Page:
Why the “Christian life” isn’t worth living

For most of my life, I focused my faith on knowing Jesus through morality management. More accurately, Jesus was savior and the Spirit was the voice that helped give me the strength to avoid things like cussing, gossip, lust, and pride. Getting through a single day where those sins were avoided meant a major victory as I walked closer to Christ.

In college, a new sort of emphasis emerged in my Christian journey. Instead of seeing discipleship as a system of sin management, I discovered the red letters of Scripture. These words of Jesus (along with the actions of Christ that aren’t in red) propelled me in a new direction: justice.

Compulsively, I would give a few bucks to homeless people as they asked. In my youth curriculum (while I served as a youth pastor), more of the emphasis moved toward Christian activism. That is not to say that I didn’t care about relational aspects of knowing God, but that justice (at times superficial forms there of) became a primary emphasis. As a result many areas became important in my personal life: signing every progressive petition that would lead to influencing the system for the poor, avoiding stores that are known for their social Darwinism, and purchasing anything I could find that is organic.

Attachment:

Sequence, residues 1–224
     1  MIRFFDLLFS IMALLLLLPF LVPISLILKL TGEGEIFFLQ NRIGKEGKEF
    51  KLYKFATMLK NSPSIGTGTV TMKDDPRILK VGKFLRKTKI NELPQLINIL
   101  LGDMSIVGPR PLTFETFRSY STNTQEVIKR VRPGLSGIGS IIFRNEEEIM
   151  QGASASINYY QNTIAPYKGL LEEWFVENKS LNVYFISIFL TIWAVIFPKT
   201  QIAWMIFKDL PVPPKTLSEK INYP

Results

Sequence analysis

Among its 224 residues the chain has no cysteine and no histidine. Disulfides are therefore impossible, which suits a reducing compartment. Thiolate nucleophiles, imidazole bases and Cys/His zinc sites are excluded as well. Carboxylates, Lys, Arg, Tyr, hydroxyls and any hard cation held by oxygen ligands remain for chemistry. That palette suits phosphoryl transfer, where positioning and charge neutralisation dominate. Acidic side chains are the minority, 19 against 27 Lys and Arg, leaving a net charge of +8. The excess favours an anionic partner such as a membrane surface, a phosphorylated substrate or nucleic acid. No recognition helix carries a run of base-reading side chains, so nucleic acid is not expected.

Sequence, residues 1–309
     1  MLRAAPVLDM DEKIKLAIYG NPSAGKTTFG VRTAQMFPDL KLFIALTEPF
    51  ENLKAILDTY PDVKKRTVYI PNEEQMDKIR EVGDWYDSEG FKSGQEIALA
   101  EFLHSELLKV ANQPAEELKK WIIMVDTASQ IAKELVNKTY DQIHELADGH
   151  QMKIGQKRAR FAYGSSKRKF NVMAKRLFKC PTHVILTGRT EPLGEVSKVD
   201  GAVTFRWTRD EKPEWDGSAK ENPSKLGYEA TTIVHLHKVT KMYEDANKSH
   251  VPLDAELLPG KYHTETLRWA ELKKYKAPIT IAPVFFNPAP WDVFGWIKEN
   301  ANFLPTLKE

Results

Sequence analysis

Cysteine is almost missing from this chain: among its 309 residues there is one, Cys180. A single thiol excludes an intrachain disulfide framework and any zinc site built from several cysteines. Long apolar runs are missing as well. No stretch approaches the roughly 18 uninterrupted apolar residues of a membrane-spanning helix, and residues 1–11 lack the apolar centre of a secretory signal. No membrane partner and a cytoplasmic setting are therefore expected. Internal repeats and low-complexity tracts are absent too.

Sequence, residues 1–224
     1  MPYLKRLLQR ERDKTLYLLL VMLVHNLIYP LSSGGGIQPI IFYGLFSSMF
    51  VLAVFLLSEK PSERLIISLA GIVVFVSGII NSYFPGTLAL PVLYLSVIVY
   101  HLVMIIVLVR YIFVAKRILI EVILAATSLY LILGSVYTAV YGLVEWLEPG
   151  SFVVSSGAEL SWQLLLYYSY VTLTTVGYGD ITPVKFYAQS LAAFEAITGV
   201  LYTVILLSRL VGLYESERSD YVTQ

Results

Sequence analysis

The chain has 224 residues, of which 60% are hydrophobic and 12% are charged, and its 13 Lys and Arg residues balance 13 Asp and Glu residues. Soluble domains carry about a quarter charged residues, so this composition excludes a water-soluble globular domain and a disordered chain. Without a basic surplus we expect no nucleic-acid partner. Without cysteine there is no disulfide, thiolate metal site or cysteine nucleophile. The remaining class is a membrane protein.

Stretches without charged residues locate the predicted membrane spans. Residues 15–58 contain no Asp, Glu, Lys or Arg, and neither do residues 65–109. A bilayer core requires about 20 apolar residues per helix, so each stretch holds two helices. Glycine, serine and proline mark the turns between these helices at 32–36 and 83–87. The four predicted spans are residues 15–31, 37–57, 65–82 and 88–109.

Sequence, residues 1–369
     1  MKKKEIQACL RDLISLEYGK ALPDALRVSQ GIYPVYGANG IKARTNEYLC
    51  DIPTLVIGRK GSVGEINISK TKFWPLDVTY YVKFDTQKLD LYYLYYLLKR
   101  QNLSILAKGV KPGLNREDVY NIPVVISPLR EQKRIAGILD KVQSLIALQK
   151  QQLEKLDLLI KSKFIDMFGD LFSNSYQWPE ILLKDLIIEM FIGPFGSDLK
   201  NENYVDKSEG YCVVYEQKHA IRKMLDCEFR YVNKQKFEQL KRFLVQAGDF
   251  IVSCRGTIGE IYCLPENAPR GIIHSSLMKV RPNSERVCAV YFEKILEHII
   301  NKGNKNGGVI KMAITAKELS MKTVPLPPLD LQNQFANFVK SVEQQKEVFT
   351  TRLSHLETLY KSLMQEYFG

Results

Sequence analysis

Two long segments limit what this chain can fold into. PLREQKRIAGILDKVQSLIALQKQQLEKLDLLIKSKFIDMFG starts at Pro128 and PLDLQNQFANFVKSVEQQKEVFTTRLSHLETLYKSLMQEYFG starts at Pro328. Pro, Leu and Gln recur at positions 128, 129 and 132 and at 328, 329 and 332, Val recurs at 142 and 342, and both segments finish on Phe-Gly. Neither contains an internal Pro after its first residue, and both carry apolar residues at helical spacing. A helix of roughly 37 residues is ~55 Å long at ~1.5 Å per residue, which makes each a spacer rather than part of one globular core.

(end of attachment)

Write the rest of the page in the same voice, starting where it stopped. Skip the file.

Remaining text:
It would be safe to say that I went from conservative evangelical focuses to a progressive faith emphasis. Still holding to the essentials of the Christian theology, but believing that true discipleship meant doing certain things. It’s interesting to me looking back: at one end of the pendulum of my faith journey I tried to avoid things, and at the other end of the swing I tried to do things. Both attempts at living the Christian life miss the point of discipleship – completely!

Which begs the question: What’s the point?

I’m becoming convinced that both polarities of holiness miss the point. We aren’t supposed to live as though God is a cop, ready to bust us each time we sin. Neither does God call us to work ourselves so hard that we become void of spiritual vitality. In this sense, the Christian life isn’t worth living.